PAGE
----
Crew resource management: when lightning strikes
Here I am–airborne, on cruise for the first time in three years, and trying to get night qualified. What can go wrong?
As the mission starts, I realize I’m a little tired. I can’t imagine why. Five days ago, I was an FRS instructor on the East Coast. Now, I’m briefing my second flight of the day in the central Mediterranean Sea. Knowing I am near my limits, I ask the aircraft commander (a pilot junior to me by about 1,500 hours) to keep an eye on me.
The mission is uneventful and almost over. We check through strike and into marshal; I had forgotten how quickly they pass the instructions. We start to experience poor weather, as forecasted.
As we head for marshal, my copilot asks for my airspeed. I respond, “200 knots, why?”
He replies, “I’m showing about 150 knots and decreasing.” Uh oh, not a good sign.
When his airspeed reaches zero, I think, “No big deal. I’ve been single-piloted with students at the FRS for the last couple of years.”
As we proceed to our marshal point, the weather gets worse. Our storm scope is on, but it is not a true weather radar. Only electrical discharges are displayed, and the scope shows nothing. However, we are getting bounced around pretty good. All I can think is, “Just fly attitude.” It is getting darker, and I have no copilot instruments to back me up. It would be nice to have back his instruments.
The next thing I hear from the right seat is, “Hey, look at this,” as he points to the windscreen. I see Saint Elmo’s fire. Then everything goes white, I hear a huge crack, and the aircraft shakes violently.
I say the first thing that comes to mind, “I can’t see.”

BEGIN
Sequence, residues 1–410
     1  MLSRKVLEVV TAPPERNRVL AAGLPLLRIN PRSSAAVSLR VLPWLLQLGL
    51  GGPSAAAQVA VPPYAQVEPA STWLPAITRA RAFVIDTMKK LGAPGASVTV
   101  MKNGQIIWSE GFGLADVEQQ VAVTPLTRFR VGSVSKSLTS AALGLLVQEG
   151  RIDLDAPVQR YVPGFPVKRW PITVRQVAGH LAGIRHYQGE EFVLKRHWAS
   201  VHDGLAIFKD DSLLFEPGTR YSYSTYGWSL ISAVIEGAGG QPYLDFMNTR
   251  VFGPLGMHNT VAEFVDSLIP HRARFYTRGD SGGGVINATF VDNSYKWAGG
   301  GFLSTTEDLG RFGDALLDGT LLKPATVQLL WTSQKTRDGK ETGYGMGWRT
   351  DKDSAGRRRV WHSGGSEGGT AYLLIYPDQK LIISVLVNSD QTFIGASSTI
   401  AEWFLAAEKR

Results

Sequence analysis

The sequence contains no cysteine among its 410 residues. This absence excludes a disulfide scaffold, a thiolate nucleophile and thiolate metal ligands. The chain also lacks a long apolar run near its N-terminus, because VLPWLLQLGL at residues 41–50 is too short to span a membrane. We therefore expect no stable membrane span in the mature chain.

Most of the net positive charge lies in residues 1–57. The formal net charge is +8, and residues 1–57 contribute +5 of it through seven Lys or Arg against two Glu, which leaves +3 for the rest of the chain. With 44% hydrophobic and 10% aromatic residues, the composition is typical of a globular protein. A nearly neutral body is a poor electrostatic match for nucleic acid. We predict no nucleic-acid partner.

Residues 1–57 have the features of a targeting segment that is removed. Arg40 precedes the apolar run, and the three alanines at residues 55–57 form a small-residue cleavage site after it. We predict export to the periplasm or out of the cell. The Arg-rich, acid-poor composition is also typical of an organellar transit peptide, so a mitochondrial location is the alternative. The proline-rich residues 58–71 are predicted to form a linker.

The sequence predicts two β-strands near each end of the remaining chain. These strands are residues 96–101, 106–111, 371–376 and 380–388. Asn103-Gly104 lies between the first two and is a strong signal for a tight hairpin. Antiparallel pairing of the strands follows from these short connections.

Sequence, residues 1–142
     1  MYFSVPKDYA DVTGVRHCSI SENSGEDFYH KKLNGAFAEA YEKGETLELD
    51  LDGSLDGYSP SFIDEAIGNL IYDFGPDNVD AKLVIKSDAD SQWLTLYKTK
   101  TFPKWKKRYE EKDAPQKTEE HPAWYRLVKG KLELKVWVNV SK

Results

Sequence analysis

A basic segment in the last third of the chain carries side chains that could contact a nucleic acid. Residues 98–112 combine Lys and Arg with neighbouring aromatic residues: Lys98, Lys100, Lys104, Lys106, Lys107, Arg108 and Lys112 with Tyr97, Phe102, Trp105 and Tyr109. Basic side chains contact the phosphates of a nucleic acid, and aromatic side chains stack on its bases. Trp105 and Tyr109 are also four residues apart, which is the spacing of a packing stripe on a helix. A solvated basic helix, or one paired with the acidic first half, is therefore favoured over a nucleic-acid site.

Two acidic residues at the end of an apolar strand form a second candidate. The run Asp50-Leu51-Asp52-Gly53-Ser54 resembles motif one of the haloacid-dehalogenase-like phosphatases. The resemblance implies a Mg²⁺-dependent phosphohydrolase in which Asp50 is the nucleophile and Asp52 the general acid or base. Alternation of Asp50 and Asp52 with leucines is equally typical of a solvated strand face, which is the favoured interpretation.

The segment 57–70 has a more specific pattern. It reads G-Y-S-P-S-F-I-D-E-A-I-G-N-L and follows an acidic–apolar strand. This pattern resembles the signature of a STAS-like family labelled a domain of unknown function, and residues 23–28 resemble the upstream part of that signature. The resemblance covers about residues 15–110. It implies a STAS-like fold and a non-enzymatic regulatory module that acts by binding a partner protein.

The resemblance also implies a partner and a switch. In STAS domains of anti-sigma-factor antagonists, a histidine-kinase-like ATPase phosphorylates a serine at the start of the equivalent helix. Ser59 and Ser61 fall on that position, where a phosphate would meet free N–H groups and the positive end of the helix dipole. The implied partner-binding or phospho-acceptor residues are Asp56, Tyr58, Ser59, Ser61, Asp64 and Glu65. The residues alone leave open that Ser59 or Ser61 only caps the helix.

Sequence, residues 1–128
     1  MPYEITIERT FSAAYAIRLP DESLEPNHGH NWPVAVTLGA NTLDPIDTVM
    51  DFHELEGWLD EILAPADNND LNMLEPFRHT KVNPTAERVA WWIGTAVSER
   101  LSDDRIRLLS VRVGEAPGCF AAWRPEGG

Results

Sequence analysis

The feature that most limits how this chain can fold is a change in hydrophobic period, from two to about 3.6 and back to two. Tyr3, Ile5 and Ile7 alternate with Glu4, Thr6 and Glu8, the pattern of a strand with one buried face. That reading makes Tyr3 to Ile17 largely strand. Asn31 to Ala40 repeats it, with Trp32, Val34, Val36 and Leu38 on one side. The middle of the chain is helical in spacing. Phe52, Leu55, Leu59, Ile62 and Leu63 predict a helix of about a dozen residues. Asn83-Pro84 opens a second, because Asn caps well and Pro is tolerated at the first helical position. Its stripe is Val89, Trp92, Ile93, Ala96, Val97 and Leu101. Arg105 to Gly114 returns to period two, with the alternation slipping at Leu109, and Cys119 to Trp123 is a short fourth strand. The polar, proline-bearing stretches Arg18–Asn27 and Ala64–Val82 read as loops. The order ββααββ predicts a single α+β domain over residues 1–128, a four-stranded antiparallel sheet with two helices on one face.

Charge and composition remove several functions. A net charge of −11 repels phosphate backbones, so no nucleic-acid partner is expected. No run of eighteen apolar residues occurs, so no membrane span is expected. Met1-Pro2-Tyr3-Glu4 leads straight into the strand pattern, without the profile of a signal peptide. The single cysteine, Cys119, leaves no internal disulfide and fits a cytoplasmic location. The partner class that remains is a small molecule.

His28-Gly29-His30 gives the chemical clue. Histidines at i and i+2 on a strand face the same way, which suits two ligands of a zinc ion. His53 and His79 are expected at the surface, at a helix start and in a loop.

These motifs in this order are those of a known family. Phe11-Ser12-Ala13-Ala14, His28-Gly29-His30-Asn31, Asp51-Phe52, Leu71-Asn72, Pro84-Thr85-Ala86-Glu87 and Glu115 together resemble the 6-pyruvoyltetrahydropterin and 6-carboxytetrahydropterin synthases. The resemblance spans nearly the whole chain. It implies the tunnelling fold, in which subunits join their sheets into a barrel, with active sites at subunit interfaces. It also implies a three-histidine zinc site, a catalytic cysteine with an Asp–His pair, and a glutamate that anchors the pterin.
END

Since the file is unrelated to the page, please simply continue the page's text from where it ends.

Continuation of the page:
My copilot then says the first thing that comes to his mind, “Whoa, I can’t see either.” Not good: Two blind pilots, and only one of us is an LSO.
As my vision slowly comes back, I stay on instruments. I feel I should state the obvious, “We were struck by lightning.” Our next task is to determine what still works. After careful scrutiny, we realize we have all of our navigational aids. We then want to see if there is any structural damage, so we dirty up. Everything is going well, but still I can’t see very well.
The copilot then exclaims, “Hey, my instruments are back.” More good news, I think. Although I am happy his instruments have returned, I would prefer they hadn’t come back than to have suffered a lightning strike.
We fly around mom at 2,000 feet, which gives us more time to get back our vision, and we land for an uneventful night trap.
As we taxi out of the landing area, I remember something from primary that would have been useful 30 minutes earlier: Do not let anyone put you in a situation that is unfavorable to good aviation. If we had told marshal our radial was in the middle of a strong weather cell, we could have received alternate marshal instructions.
I still wasn’t night qualified because I needed two night traps, so the Hawkeye rep asked if I wanted to swap aircraft to get a second night trap. My rough translation over the radio was, “No thank you.”
That decision probably was the best one we made all evening.
Lt. Roetz flies with VAW-124.
COPYRIGHT 2004 U.S. Naval Safety Center
COPYRIGHT 2004 Gale Group